Noblesville family sues prison system, blames ex-con's death on withheld blood test results

Lawsuit: 'Scott Turner did not need to die'

NOBLESVILLE - The Noblesville family of a 26-year-old ex-con has filed a lawsuit, claiming the state prison system withheld blood test results that could have saved his life.

“Scott Turner did not need to die,” his lawyer wrote in the family’s lawsuit, filed in Hamilton County Superior Court.

The case was moved to United States District Court in Indianapolis this week.

Scott Turner served time at the Pendleton Correction Facility about 30 miles northeast of Indianapolis for two separate cocaine dealing convictions, first in 2007 and then in 2009, according to prison records .

In their lawsuit , his mother and three brothers claim that the Indiana Department of Corrections  tested Turner’s blood while he was locked up, but withheld the fact that he tested positive for hepatitis.

The family’s attorney writes in the lawsuit, “Scott was not told that he had tested positive for hepatitis, nor was he treated for hepatitis.  Throughout 2010 and 2011, though, Scott showed signs of hepatitis while in prison.”

Prison records show he was released from prison in August 2011 to care for his cancer-stricken mother, and he was diagnosed with hepatitis after his own health deteriorated.

He died on Jan. 19, 2012 at the age of 26.

The family fought for the release of Turner’s medical files from the prison system, and they claim in their lawsuit that they discovered in the spring of 2012 that the prison system had tested his blood and withheld the positive results for the disease.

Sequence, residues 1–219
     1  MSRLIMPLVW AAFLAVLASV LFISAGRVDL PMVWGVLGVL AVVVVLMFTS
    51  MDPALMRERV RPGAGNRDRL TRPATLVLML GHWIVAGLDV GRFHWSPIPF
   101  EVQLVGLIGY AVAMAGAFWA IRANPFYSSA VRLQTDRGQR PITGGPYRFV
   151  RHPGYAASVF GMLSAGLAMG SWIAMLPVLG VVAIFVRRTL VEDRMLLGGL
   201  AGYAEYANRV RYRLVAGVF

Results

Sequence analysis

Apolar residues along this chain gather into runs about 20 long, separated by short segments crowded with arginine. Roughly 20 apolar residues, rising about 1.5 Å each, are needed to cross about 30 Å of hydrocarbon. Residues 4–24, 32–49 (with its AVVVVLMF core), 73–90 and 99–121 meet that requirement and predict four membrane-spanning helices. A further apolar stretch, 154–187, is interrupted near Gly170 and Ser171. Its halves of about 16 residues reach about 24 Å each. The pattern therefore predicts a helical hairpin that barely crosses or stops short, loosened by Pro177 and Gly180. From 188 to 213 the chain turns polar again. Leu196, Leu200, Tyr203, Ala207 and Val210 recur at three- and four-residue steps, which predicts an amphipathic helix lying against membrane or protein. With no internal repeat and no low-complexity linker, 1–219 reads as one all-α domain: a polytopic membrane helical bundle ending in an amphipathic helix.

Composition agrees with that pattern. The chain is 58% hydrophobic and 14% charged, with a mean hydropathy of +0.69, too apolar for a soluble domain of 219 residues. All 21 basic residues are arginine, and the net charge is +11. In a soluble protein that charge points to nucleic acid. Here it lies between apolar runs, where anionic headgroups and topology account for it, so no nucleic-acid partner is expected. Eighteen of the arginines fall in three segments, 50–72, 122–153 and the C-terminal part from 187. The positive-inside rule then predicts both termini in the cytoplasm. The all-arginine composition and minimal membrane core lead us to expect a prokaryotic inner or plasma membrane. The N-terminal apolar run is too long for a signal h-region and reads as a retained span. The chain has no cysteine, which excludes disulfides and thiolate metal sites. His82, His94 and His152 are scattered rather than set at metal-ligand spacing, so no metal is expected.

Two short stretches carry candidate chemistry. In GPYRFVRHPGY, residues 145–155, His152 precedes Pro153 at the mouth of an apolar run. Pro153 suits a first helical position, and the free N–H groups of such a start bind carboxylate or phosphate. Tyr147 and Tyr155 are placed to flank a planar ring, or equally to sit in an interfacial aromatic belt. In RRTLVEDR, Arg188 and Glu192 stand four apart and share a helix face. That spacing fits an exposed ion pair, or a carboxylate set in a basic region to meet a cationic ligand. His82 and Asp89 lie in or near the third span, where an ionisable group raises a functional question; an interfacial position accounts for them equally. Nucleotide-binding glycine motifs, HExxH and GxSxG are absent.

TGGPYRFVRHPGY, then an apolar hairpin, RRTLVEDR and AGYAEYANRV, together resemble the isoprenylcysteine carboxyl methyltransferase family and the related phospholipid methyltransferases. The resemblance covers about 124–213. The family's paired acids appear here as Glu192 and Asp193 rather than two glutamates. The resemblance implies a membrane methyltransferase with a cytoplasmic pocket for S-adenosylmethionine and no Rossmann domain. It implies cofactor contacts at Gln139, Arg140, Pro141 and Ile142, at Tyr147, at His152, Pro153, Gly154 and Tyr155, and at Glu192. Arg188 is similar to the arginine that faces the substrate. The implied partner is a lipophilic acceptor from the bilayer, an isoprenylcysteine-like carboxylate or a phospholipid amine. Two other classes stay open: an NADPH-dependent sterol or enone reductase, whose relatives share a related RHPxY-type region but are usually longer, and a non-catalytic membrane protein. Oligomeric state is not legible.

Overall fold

“Hepatitis need not be a fatal condition. Had he received reasonable medical care in prison he would be alive today,” wrote the family’s attorney, Matthew Cook, who declined to comment further about the lawsuit.

Indiana Department of Corrections spokesman Doug Garrison said he could not comment about specifics of the case since a lawsuit was pending.

When asked about the prison system’s policy for disclosing medical conditions to inmates, Garrison said, “All offenders are properly medically treated and informed of any conditions that they have.

“It’s no different than being on the outside.  If you have a medical condition and we know about it, we’ll treat it,” he said.

He said the cost of treatment does not factor into treatment decisions for inmate and he denied that inmates are intentionally kept in the dark about medical ailments.

“All offenders with medical conditions are advised of their conditions and treated appropriately,” said Garrison.

No hearing dates have been scheduled now that the lawsuit has landed in federal court. The family did not request a specific dollar amount in the lawsuit, which claims Turner was denied his constitutional rights while in prison.


Follow Stephen Dean on Twitter: @deantvnews

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